The six-spot burnet moth feeds on the nectar of a large range of flowers, with wild thyme being a particular favourite. A brightly coloured day-flying moth, the name is somewhat of a misnomer as the number of spots can vary between individuals, and spots may be fused in some cases.

Large white

Large white photo

A widespread and common species, the large white is the biggest of the white butterflies found in the UK, with a wingspan of up to 7cm. Females can be distinguished from males by the two black spots and a black streak on the fore-wings. The colourful caterpillars of this species consume mustard oils in their diet, making them very distasteful to birds.

Red admiral

Red admiral photo

A migratory species, red admiral adults emerge after hibernation in the UK between January and March, and are joined by butterflies that have travelled from North Africa and southern Europe between May and August. Adults are often seen in gardens feeding on nectar or rotten fruit.

Common blue

Common blue photo

The common blue is the most widespread of the blue butterflies in Britain. While the males are a striking bluish-violet, the females are more brown in colour, with orange spots near the margins of the wings. Favouring sunny, sheltered areas, the common blue is typically seen in woodland clearings, coastal dunes, road verges and cemeteries.

Speckled wood

Speckled wood photo

A common woodland butterfly, the speckled wood has numerous eye-spots on its wings. The male tends to perch in patches of sunlight, intercepting intruding butterflies. Males may also patrol an area in search of females, who lay single eggs on blades of grass after mating.


Brimstone photo

While the female brimstone is a greenish-white colour, the male is bright yellow and it is widely believed that this species was the inspiration for the name ‘butterfly’. This species has a very long proboscis, and can exploit flowers with very deep nectarines, including runner bean flowers and teasels.

Small tortoiseshell

Small tortoiseshell photo

A beautifully patterned butterfly, the small tortoiseshell has wings comprising black patches, areas of bright yellowish-orange and a fringe of blue spots, making this species instantly recognisable. The caterpillars feed on nettles and are common in areas of human activity.

Meadow brown

Meadow brown photo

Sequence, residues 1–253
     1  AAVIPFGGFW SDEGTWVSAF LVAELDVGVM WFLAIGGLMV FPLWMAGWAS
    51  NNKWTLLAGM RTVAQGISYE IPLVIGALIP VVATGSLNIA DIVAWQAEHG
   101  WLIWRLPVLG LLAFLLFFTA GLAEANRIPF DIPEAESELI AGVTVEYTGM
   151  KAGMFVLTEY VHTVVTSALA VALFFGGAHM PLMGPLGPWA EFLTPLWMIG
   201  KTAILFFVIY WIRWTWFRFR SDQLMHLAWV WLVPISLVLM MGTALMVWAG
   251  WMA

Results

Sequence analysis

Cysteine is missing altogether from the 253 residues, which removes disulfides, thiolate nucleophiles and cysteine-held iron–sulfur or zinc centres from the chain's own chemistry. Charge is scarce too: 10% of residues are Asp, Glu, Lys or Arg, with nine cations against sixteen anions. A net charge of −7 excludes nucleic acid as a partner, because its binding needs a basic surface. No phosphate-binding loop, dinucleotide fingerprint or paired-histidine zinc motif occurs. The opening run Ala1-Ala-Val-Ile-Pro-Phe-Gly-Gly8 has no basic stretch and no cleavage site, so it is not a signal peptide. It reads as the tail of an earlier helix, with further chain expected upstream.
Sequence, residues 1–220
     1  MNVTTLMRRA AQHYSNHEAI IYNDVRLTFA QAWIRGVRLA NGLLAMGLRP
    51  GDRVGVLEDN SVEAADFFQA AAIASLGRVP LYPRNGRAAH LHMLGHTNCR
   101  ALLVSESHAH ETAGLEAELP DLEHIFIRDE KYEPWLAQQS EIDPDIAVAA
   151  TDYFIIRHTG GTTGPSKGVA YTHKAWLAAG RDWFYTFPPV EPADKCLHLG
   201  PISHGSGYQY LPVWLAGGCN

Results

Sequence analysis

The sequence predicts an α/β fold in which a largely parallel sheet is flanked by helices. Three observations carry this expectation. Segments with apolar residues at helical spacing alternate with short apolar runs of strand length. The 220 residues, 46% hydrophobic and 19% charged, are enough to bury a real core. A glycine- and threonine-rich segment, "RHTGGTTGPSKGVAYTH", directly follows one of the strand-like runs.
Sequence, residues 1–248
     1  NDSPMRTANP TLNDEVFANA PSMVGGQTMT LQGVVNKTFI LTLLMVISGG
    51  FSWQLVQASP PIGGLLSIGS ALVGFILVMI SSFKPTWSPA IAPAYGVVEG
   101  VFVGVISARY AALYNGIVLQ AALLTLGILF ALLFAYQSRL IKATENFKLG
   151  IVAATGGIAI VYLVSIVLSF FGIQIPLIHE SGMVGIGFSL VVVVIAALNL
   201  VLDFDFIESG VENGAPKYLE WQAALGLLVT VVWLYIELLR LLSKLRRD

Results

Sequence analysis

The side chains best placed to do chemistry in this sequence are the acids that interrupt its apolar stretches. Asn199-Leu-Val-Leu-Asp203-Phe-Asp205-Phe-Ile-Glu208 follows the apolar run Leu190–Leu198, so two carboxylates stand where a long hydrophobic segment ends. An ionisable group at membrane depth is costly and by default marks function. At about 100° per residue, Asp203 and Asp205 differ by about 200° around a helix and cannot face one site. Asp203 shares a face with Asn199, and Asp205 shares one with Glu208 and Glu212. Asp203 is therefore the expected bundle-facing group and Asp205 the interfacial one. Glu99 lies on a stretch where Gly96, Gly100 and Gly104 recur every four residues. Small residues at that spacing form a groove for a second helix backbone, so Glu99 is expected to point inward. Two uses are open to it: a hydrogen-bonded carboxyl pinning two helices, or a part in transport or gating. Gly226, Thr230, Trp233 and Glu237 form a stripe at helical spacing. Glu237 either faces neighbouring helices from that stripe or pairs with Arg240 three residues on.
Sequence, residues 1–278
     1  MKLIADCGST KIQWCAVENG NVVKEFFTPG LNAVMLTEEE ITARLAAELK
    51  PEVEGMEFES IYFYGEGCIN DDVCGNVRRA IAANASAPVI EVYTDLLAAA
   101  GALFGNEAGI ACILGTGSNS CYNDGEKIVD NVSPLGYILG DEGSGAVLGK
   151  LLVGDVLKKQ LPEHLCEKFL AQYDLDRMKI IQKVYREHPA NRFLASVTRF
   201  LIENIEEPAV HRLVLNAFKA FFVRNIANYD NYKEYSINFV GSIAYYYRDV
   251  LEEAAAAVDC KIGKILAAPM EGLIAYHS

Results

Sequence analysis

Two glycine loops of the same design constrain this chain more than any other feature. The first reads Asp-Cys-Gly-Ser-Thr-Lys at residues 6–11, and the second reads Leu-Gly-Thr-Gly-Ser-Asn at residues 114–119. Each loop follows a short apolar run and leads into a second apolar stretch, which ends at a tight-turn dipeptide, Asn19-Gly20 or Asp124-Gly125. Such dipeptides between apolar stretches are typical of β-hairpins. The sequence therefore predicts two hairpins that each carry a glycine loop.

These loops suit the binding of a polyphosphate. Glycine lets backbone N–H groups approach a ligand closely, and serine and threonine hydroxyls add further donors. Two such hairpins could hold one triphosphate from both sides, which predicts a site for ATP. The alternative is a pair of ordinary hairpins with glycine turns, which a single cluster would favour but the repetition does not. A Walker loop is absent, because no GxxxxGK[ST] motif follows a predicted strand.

A dark brown species with an eye-spot on each wing, the female meadow brown can be distinguished from the male by the presence of an orange patch on the forewings. Although found in a range of habitats, this species has suffered as a result of the decline in the extent of hay meadows in Britain.

Peacock butterfly

Peacock butterfly photo

One of the most beautiful butterflies in the UK, the peacock butterfly earns its name from the stunning eyespots on the wings which frighten predators, or divert birds from attacking the body. Males and females are similar in appearance but the males are slightly smaller and will defend territories in sunny locations, chasing any females that pass by.

If you do to take part over the coming weeks we would love to hear how you get on, why not leave a comment below and let us know what species you have seen, or get in touch via Facebook or Twitter?

And for those of you outside of the UK, what species can you find in your local area? Do you have any favourites? Let us know!

Claire Lewis, ARKive Media Researcher

Jul 15
Santa Catalina Island rattlesnake

Santa Catalina Island rattlesnake (Crotalus catalinensis)

Species: Santa Catalina Island rattlesnake (Crotalus catalinensis)

Status: Critically Endangered (CR)

Interesting Fact: The Santa Catalina Island rattlesnake has lost its functional rattle, which is thought to be an adaption to sneak up on its prey.

The Santa Catalina Island rattlesnake occurs only on Santa Catalina Island off the coast of Mexico. It is normally found in narrow, dry creeks, as well as under rocks, on hillsides, or even in open sandy areas. Unlike many rattlesnakes, the Santa Catalina Island rattlesnake is an agile and swift climber. It feeds mainly on the Santa Catalina deer mouse (Peromyscus slevini), which it can persue through vegetation. Little is known about the Santa Catalina Island rattlesnake’s breeding biology, but males have been observed bobbing their heads and tongue flicking during courtship. The breeding season is thought to be between Spring and early Summer, with young born in late Summer to early Autumn.

Once a common species, the Santa Catalina Island rattlesnake is now highly threatened due to illegal collection and killing. In the past, predation by feral cats was a problem, but a new threat to the Santa Catalina Island rattlesnake is a decline in the population of its main food source, the Santa Catalina deer mouse. Unfortunately, as is the case for many snakes, there are few conservation programmes in place for this reptile. Although the feral cat population has now been eradicated from Santa Catalina Island, recolonisation must be prevented. The Santa Catalina Island rattlesnake population requires monitoring and restrictions need to be enforced to prohibit overcollection.

Find out more about the the Santa Catalina Island rattlesnake on the San Diego Natural History Museum website.

View images of the Santa Catalina Island rattlesnake on ARKive.